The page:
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How to spell “the youzhe” as in the abbreviation of “the usual”

The usual is a common reply to what will you order? or what are you up to?. It is often abbreviated, in Canada, to the first syllable of usual, as in the youzhe. How would you spell this abbreviation? ...
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Is “girls” a suitable complementary term to go along with “guys”?

Trying to keep the discussion about language and meaning, and hopefully not getting socio-political, is "girls" a valid counterpart for "guys", as in "guys and girls"? The intention is to describe a ...
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What is the reasoning behind the “urban” slang word “tight” coming to mean “cool/great/slick”?

How and why did the word tight come to be appropriated in this sense, for example as in, "That car is tight, cuh!" ? I mean, one easily extrapolates from the "normal" definition to understand why ...
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Origin of “how we/I roll”?

The phrase "that's how we roll" (along with variants) seems to have become increasingly popular in recent years. It appears to draw attention to one's behavior or policies, asserting -- sometimes ...
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I have questions coming out the yin-yang about yin-yang phrases!

Yin Yang is the Chinese philosophy of Light and Shadow, often signifying the need for balance or that everything exists in balance. But the (reasonably enjoyable to use) phrase Up the Ying Yang ...
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Origin of current slang usage of the word 'sick' to mean 'great'? [duplicate]

Possible Duplicate: How and why have some words changed to a complete opposite? How did 'sick' come to mean 'awesome' or 'really good / cool' in modern U.S. slang? I'm interested in origins ...
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Why is “bombshell” used to describe attractive women?

Bombshell is a term used to describe very attractive women, similar to the term "sex symbol". The phrase was notably used as the title of a 1930's film, which incidentally lead to its lead actress ...
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Why can a bird be pulled but never caught?

In the UK there is a popular idiomatic saying: To pull a bird. "Bird" is a well known Brit expression for a young woman. In the USA, I think "chick" is more popular. The above expression means ...
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Etymology of 'Pizzazz'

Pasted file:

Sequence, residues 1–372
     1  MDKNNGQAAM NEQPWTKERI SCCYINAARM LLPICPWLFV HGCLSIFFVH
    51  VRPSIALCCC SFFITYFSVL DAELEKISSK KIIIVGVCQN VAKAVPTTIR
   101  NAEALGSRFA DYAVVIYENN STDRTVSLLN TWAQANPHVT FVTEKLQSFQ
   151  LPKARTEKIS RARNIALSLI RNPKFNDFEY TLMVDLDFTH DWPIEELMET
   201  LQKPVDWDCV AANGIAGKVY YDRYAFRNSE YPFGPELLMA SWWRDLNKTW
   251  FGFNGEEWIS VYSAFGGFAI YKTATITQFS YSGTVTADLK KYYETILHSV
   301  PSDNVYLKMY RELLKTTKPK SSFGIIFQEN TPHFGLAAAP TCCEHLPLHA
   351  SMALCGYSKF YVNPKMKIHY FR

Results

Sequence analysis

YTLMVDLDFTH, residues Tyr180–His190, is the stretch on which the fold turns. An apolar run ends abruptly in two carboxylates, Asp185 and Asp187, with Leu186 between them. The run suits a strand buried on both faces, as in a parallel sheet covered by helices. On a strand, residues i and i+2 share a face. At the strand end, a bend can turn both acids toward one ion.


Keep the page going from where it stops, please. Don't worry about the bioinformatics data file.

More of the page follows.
A question from December 2011 asked What is the social context of "pizzazz"?. I'm curious about the word's etymology. I checked some reference books, but they showed very little agreement ...
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Why do we “talk turkey”?

Some customers and I started to talk turkey over a programming requirement the other day, meaning that all parties involved were starting serious negotiations or discussions. Naturally I wondered why ...
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Etymology of “far out”

Where does the expression "far out" come from? As in: I had to phone someone so I picked on you / Hey, that's far out so you heard him too! / Switch on the TV we may pick him up on channel ...
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Are there any current examples of English “Back-Slang”?

Other languages feature words pronounced as their inverse (such as verlan and fika). What are some examples of this in English? The closest example I can think of it Pig Latin.
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Meaning & Origin of phrase “Step into [him/her]”

I've done a bit of searching for this phrase and found the following: "step into" Idioms & Phrases Involve oneself or intervene, as in He knew he'd be able to step into a job in his ...
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What is the term for giving an action or phenomenon somebody's name, e.g. “Doing a Lord Lucan”?

A friend of mine is keen on taking the glory (or adverse publicity!) when something goes wrong on a job he's working on and he likes to give it his name, e.g., "this is turning into a right Simpson of ...
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What is the origin of “scrilla”?

scrilla (uncountable) (slang, African American Vernacular) money scrilling: making money. I'd buy a car, but I don't have any scrilla! That car is worth mad scrilla. So what is the ...
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Meaning and origin of British/Australian slang word 'tut'

About twenty years ago I overheard a girl from the north of England laughingly advise a friend to get ready for a night out by telling her to 'slap some tut on your face'. She clearly meant 'put on ...
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Is “denormalized” a word?